- Become a connected educator by writing and sharing your voice with others.
- When you are writing for an audience, first decide on the focus of your piece.
- Be as authentic as possible as you share your experiences.
- Don’t forget to share your published work on social media to continue connecting with other educators from around the world!
As of April 2020, I didn’t write much. At least not about teaching unless it was for a paper for a grad class. No one would care what I had to say—no one would care about my opinions or experiences.
At least that’s what I thought.
But after becoming connected with the Teach Better Team, I realized I had a place where I could share my voice with an authentic audience, one who actually would care what I’d have to say. I do need to give a special shoutout to Katelynn Giordano, who encouraged me to start blogging.
Phases of Writing: The Before
Sometimes when I write now, I just write to get my ideas and thoughts out there on a paper (or a document). However, more and more, I’ve been writing with the intention of sharing my ideas with others.
When I know I want to share my writing, I first decide what I want the focus of my writing to be so that what I say is automatically more organized and purposeful. As a teacher, I have thousands of education-related thoughts floating around in my mind on any given day, so I decide on the focus first.Blogging, or writing in general, is a great time to forget the highlight reel. Keep it real. Click To Tweet
Phases of Writing: The During
As I write, I try to make what I’m saying be as authentic as possible. If I’m going to share strategies that have helped my students become more engaged with reading, I want to make it clear that I still have students who have left my classroom disliking reading. I want to share the good, the bad, and the ugly so I can connect with my audience in the most authentic way.
It goes a long way when you are willing to be vulnerable and share your mistakes and failures. If you don’t feel comfortable doing that, that’s ok. But…just know that there’s always someone out there who will connect with what you’re saying.
Blogging—writing in general—is a great time to forget the highlight reel. Keep it real.[scroll down to keep reading]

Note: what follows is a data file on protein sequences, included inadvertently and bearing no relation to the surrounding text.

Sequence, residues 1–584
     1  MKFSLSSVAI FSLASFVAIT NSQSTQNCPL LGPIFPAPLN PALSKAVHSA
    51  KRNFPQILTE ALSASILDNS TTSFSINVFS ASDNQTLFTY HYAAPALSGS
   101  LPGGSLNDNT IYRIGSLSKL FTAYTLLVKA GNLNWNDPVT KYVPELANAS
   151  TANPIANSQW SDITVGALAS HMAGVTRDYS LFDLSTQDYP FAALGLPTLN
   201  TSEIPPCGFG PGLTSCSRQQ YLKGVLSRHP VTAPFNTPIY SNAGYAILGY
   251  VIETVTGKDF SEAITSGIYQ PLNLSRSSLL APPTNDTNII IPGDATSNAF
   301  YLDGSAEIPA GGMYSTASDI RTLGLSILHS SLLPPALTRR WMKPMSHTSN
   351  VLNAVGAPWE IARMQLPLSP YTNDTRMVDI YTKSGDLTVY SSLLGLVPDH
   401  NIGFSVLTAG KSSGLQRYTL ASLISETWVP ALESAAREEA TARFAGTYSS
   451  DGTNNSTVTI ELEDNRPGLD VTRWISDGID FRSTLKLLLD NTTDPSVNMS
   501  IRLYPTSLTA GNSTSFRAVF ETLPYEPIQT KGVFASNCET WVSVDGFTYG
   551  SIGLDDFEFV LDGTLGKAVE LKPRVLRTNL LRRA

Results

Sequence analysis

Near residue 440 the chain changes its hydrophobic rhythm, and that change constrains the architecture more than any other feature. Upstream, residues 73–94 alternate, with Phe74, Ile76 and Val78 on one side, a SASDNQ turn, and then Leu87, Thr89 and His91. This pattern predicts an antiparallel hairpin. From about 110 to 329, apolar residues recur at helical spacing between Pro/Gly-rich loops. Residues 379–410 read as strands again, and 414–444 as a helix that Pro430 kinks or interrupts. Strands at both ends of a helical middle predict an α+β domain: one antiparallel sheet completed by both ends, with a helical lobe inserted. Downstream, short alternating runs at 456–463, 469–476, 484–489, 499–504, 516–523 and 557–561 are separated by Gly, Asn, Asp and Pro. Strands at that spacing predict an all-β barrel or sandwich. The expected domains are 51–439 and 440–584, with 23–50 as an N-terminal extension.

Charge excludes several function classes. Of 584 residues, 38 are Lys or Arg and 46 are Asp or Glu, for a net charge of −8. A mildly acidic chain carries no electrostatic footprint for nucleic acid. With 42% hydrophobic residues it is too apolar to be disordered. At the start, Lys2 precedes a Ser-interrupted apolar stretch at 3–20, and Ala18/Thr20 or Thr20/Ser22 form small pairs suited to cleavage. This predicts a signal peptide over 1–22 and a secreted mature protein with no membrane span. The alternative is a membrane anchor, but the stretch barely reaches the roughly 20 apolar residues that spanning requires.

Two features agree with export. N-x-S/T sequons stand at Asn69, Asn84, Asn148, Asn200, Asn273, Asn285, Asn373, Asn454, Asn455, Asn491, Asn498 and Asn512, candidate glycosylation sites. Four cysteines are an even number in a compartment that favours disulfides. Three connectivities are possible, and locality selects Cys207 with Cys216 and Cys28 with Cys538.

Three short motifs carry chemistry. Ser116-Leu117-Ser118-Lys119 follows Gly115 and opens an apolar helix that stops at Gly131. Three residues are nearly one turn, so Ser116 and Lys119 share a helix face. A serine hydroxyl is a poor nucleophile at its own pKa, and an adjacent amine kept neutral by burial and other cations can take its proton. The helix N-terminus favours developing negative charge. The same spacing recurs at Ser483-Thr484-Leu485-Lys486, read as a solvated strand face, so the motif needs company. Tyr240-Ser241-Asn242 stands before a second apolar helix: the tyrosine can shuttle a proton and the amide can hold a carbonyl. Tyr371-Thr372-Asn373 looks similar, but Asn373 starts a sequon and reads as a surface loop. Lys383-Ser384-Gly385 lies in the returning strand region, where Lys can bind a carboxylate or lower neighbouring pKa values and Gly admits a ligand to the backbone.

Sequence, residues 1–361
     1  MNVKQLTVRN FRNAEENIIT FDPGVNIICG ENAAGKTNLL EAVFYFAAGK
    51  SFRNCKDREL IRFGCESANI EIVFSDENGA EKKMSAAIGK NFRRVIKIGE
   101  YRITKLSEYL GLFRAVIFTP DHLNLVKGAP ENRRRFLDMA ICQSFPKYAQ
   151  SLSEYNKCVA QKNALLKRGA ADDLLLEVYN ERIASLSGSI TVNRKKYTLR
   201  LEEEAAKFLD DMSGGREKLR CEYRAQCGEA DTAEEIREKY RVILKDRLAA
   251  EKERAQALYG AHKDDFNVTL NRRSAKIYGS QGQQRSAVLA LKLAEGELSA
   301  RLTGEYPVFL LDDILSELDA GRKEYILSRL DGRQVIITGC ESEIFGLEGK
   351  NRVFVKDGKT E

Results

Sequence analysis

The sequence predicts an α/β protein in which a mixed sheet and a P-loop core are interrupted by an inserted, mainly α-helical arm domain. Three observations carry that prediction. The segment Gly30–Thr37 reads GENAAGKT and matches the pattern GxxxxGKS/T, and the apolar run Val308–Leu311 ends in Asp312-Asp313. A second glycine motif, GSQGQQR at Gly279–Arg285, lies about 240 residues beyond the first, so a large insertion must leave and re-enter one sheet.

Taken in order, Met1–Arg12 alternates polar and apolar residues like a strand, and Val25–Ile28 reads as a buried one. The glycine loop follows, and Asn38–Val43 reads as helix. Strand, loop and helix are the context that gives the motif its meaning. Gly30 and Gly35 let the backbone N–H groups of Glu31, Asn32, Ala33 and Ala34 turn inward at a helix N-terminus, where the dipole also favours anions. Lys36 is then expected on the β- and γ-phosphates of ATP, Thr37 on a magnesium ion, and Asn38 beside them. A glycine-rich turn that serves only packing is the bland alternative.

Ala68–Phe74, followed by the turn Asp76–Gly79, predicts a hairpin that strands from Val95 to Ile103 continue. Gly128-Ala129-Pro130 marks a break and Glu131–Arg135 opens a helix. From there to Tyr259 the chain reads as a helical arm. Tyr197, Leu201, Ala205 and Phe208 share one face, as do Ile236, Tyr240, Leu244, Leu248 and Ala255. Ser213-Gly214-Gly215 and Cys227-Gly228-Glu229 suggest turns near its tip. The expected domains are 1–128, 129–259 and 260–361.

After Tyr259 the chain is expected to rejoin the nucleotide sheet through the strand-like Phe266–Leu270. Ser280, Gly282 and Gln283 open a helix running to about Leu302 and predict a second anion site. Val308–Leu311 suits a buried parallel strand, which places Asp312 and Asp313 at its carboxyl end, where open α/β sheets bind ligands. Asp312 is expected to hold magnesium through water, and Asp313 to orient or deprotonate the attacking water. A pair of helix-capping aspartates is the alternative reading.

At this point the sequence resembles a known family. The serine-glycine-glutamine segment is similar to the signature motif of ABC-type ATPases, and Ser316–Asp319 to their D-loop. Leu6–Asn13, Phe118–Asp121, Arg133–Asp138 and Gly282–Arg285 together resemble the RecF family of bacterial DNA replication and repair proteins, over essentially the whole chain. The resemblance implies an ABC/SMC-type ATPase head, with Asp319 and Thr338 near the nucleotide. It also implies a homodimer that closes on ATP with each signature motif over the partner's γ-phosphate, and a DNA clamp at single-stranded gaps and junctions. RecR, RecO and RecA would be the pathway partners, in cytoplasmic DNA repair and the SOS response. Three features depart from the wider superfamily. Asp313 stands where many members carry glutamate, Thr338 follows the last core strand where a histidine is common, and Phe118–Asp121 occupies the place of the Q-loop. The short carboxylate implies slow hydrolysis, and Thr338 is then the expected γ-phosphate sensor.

Phases of Writing: The After
When I’m ready to share my work, I read over what I’ve said a few times to make sure I’ve shared everything I want to share and that my message makes sense. I even have a trusted colleague give me feedback, and I choose someone who I know will point out what I could do better (shoutout Livia Chan for always reading my work and providing me with honest feedback along the way).
I share my writing on social media and encourage others to share their thoughts with me. Do they disagree with anything I’ve said? Do they have something they’d like to add to my views?
Asking for this engagement has helped broaden my perspective and also make connections with those who resonated with my writing.
The next time you are deciding whether to share something…just go for it. And if you choose the Teach Better Blog as your platform to share your voice, know you have the team’s support along the way!
About Kari Pitstick
Kari Pitstick is a 7th grade English Language Arts teacher and track & field coach in Illinois. She’s also the Director of Digital Content for the Teach Better Team. She graduated from Illinois State University in 2015 with a bachelor’s in Middle Level Education, and American College of Education in 2018 with a master’s in Curriculum & Instruction.
She knew she wanted to teach at the middle level since she was in middle school herself. One of her main missions is to provide a safe and friendly environment for students to explore their passions as learners and as people.
Kari is an avid reader, spending most of her free time reading and writing, and she hopes to share that passion with all those around her—students and adults, alike!